You can see how this might cause problems. The Section 230 bill deals not a wit with the people actually causing sexual exploitation; it simply opens up a new category of defendants that can be punished as child sex traffickers. It gives victims—most of whom fall prey to petty pimps with few assets, not organized criminals—a civil-suit target with much deeper pockets than the criminals who exploited them, and the same for state prosecutors with asset-forfeiture fever. And it does all this while a) defining child sex trafficking victim as anyone under 18 who accepts money or anything of value for sexual activity and b) defining child sex trafficking as a crime that need not involve any real children.
A huge number of "child sex trafficking stings" in this country involve police posing online as sex workers (using pictures of young adults, because otherwise they would all be posting child porn) and, once a customer is interested, "admitting" that they're actually underage (usually 16 or 17). The men who still agree to meet for sex are greeted by police officers and charged with things like patronizing a minor for prostitution or, increasingly, child sex trafficking. Their vehicles and sometimes other assets are seized. Imagine if cops could do this sort of "random virtue testing" (as Ars Technica's Nate Anderson aptly described it) but then go after big web publishers and platforms instead of just impounding a few cars.
Several county sheriffs have taken up this tactic with particular zeal independently, but the vast majority of such "john stings" are conducted in conjunction with an Internet Crimes Against Children, Innocence Lost National Initiative, or general human trafficking task force funded and spearheaded by the federal government. The U.S. Court of Appeals for the Eighth Circuit held, in 2013, that there need not be an actual victim involved for the offense of sex trafficking. Since 2009, the U.S. Department of Justice has been training and giving "written guidance to federal prosecutors indicating that [federal trafficking in persons law] could be used to prosecute customers seeking to pay for sex" with minors, according to Jill Steinberg, national coordinator for child exploitation prevention and interdiction. And the 2015 Justice for Victims of Trafficking Act explicitly added "partonizes" and "solicits" to the means by which someone can be guilty of the federal offense of sex trafficking of children or adults.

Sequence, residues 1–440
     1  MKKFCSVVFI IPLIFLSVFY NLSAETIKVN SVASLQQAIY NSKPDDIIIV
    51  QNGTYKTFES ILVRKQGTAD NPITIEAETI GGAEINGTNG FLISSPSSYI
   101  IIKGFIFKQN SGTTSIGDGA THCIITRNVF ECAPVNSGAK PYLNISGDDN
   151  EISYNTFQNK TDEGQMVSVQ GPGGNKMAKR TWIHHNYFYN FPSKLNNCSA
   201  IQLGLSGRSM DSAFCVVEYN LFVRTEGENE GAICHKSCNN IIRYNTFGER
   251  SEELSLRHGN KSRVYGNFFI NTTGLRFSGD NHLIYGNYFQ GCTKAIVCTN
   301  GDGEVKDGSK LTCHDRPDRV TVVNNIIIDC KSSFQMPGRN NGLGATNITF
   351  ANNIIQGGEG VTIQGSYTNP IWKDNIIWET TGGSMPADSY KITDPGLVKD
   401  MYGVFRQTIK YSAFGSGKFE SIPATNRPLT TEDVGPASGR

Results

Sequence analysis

Law professor and blogger Eric Goldman is alarmed by the No Immunity for Sex Traffickers Online Act and its potential to decimate Section 230 and large swaths of the internet:
As you may recall, in 2013, 47 state AGs (including California's then-AG and now-Senator Kamala Harris) sent a letter to Congress complaining that Section 230 prevented them from squashing Backpage and requesting that Congress amend Section 230 to exclude all "federal *and state* crimes." Congress never responded to the letter–until now. Consistent with the AGs' request, Rep. Wagner's bill would open up Section 230 to state crimes, but only if the crimes relate "to sexual exploitation of children or sex trafficking of children"–a smaller universe than the AGs' request to open up *all* state crimes.
But the [new] bill would also go much further than the AGs' request to loosen up criminal enforcement. The bill would also open up Section 230 to civil claims "relating to sexual exploitation of children or sex trafficking of children." What does that mean? I'm not sure, but I expect crafty plaintiffs' lawyers could find dozens or hundreds of tort claims that they could argue, consistent with Rule 11, relate to this exclusion. If so, it will be open season on defendants who think Section 230 protects them.